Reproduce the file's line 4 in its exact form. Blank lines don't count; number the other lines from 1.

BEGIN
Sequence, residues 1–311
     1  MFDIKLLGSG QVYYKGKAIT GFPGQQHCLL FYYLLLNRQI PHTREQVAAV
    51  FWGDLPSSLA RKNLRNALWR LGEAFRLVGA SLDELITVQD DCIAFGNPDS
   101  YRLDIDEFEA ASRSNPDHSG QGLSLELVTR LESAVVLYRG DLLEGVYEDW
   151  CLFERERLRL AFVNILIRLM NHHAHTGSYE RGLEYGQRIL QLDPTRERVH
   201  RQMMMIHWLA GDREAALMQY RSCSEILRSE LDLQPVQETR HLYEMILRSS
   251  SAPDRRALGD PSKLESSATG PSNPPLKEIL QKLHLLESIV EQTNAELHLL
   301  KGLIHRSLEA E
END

   101  YRLDIDEFEA ASRSNPDHSG QGLSLELVTR LESAVVLYRG DLLEGVYEDW